Estimated reading time: 4 minutes —
Yordie’s excellent posts about Becoming Someone Else reminded me of my duty to write part 2 of the Avatar Series I started. I must say I love her articles, which do not only have a better title, but even feature the five points I made up and describe how each of them are presented in Second Life. As a non-SL player, it taught me a lot about how SL as a world can be experienced. Hopefully I’ll be able to achieve the same today, because I’ll write about a world not all of you might be familiar with: Mass Effect.
Avatar & Identity – Mass Effect (1 & 2)
Avatar & Identity – Star Wars
Avatar & Identity – Lord of the Rings Online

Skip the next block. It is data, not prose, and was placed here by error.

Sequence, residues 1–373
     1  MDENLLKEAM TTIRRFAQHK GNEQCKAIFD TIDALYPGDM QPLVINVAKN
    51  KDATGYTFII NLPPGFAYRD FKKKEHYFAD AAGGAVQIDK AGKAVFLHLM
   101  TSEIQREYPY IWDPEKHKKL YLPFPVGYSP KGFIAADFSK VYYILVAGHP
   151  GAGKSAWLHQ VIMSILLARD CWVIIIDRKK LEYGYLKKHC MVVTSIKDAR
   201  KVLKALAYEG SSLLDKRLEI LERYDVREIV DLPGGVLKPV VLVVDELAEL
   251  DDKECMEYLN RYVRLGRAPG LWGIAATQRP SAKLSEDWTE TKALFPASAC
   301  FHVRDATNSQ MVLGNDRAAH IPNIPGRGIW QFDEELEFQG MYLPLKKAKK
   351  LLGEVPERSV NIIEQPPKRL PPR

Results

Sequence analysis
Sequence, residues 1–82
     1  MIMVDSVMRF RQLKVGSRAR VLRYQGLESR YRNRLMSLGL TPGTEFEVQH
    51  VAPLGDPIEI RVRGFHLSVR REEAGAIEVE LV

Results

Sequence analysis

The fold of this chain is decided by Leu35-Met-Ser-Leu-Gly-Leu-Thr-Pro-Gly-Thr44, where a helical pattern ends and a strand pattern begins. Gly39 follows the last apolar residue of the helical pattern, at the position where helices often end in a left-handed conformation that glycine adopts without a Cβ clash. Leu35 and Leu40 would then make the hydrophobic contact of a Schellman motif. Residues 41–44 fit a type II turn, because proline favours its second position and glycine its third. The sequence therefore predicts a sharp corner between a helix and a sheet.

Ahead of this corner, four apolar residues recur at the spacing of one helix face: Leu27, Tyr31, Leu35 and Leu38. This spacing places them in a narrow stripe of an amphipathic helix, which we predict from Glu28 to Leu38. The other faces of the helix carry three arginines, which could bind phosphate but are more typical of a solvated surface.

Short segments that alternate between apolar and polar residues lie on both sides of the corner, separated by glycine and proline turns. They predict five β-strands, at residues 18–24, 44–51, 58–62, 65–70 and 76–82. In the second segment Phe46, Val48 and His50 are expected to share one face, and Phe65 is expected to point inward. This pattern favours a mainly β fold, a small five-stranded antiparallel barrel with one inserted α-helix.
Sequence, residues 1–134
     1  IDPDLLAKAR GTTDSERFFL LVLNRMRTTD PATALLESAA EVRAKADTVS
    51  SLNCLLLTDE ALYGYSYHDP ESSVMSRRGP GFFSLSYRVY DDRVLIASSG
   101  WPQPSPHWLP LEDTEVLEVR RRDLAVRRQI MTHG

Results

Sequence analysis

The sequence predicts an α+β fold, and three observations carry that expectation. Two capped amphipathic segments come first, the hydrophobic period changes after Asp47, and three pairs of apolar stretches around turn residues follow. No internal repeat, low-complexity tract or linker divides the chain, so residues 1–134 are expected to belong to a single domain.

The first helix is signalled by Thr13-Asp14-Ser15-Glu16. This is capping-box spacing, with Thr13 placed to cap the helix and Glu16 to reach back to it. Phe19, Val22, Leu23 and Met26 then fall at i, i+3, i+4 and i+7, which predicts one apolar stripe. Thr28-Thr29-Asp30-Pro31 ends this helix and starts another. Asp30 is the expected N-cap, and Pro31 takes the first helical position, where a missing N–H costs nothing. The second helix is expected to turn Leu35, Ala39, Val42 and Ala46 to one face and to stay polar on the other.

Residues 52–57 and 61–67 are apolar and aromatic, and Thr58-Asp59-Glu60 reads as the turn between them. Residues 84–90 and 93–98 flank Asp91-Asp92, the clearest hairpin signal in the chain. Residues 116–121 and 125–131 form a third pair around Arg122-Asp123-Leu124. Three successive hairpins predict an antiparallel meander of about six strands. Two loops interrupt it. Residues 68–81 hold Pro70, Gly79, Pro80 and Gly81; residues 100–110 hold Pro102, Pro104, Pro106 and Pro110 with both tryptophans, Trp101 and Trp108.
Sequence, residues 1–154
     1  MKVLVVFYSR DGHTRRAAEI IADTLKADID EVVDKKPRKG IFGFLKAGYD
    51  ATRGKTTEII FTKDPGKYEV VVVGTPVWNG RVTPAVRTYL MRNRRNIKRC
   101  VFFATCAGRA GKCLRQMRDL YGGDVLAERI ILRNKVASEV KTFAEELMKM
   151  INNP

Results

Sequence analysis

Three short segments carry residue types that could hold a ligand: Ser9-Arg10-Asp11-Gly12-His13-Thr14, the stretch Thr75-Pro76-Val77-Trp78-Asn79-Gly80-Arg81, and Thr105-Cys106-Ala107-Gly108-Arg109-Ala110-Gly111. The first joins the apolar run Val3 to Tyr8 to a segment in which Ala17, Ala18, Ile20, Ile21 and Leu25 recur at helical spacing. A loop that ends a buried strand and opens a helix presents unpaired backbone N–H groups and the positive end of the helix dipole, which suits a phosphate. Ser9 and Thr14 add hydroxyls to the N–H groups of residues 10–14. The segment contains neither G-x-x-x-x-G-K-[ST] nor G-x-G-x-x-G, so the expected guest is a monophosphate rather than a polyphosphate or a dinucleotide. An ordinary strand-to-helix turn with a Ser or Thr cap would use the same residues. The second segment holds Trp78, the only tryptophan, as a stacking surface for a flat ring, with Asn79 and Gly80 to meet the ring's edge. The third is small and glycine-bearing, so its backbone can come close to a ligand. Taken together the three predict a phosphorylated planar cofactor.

Avatar & Identity – Conclusion
Shooting, aliens & strange planets
If you have heard about Mass Effect before, the picture above probably sums up your expectations: it has something to do with shooting, aliens and strange planets. And to a certain extent, you are right.
Yes, Mass Effect involves shooting, and a lot of it. You run around carrying a terribly effective weapon with you all the time, which you’ll have to use during the many occasions that evil aliens cross your path. Now I must tell you a secret: I am terrible at shooter games. Not only because I don’t have any practice, but also because I just can’t bear to shoot down other people (or animals, for that matter). I just hate it, even if they’re evil aliens or something. So I sort of had a problem there.